The MCB is aliquoted into multiple containers like vials or single-use bags and preserved through cryogenic freezing. Since the MCB serves as the base material for pharmaceutical products, it is important to store it in different batches to provide easy accessibility for working cell bank production and to prevent the loss of the whole product in case of contamination.
From master cell bank to working cell bank
The working cell bank consists of clones of the MCB which have been cultured in a homogenous suspension under controlled conditions. Both MCB and WCB are undergoing regular testings to ensure that there is no alteration or contamination in the cells.
Establishing an end-of-production cell bank
The end of production cell bank is also often referred to as extended cell bank and is made up of cells at the limit of the in vitro cell age. The cells have been generated from the MCB and WCB and are used for the final characterization and testing of adventitious agents. This ensures further genetic stability and serves as proof that the production system is contaminant-free and stable.
Challenges during and after cell bank production
Cell bank production is a process with many challenges. As the safety of biopharmaceutical products heavily relies on the sterility of raw materials and a contaminant free environment during manufacturing, the Food and Drug Administration (FDA) has determined regulatory measures that have to be followed by companies offering cell banking services and other steps connected to the production of biopharmaceuticals.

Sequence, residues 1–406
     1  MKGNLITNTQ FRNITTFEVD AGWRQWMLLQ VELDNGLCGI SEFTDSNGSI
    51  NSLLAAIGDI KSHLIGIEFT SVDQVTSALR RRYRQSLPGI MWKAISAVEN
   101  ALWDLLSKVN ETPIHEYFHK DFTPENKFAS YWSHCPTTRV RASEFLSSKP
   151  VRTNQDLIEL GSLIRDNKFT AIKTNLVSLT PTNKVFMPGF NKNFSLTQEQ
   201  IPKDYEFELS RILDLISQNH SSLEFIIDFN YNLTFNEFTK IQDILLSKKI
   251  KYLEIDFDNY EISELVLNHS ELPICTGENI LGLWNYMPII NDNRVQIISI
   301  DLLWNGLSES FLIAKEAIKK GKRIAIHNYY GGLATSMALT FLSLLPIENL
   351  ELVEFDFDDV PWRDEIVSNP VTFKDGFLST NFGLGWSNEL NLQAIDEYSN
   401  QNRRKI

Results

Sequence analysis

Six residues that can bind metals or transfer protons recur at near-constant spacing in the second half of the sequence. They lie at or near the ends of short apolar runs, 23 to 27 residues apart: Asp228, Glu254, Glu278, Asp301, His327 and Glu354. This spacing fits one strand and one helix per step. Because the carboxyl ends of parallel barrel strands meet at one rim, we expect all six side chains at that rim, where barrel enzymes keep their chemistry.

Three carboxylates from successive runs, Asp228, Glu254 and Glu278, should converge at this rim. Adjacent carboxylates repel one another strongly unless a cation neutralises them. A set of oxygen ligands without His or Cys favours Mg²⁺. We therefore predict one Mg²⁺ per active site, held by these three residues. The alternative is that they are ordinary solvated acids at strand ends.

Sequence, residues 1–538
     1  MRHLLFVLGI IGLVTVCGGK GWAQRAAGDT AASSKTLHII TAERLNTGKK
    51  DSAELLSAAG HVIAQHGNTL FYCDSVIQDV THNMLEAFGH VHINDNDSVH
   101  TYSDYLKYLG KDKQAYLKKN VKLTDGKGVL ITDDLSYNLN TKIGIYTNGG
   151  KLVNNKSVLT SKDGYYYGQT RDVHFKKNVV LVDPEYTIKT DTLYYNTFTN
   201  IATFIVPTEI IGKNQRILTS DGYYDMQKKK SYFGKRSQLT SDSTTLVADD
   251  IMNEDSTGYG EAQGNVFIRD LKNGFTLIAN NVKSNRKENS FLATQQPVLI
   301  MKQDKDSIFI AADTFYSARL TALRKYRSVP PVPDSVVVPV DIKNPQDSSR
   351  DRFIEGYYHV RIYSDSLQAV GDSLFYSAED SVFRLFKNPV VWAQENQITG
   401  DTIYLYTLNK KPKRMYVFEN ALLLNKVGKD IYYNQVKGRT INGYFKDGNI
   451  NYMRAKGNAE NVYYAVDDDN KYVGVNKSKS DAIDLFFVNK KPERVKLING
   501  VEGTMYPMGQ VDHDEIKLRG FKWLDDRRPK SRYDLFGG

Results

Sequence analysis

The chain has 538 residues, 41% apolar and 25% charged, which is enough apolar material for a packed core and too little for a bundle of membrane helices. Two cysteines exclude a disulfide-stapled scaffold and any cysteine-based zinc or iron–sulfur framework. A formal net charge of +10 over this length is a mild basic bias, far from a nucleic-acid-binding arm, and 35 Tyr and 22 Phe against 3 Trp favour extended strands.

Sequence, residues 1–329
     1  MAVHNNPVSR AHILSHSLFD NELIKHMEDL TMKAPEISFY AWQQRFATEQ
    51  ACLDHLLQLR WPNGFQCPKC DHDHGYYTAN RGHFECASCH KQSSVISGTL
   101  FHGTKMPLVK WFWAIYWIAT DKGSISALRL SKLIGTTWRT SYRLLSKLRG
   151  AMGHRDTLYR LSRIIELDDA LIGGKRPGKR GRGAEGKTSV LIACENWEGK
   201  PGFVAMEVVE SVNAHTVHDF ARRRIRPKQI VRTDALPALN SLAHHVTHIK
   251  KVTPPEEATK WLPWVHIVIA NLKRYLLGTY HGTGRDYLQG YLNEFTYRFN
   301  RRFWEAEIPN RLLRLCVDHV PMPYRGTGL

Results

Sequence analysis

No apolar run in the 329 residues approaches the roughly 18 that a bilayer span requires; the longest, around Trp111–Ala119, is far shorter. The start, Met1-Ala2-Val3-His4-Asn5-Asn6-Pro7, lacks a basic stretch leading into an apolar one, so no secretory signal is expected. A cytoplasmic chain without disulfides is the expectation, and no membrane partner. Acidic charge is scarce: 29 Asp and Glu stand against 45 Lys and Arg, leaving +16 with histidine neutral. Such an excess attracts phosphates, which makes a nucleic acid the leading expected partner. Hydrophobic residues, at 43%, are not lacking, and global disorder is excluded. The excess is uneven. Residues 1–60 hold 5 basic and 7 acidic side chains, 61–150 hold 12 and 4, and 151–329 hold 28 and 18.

Further, current good manufacturing practices (cGMPs) must be followed to ensure a successful and safe final product. GMP does not only involve guidelines in terms of cleanliness for the staff, but also with regard to temperature regulations during the homogenization of cells or freezing cells. These CPP (Critical Process Parameters) are regularly controlled with assessments and validations, e.g. when thawing cells after storage and transport, since these parameters can influence CQAs (Critical Quality Attributes) like cell viability or cell proliferation.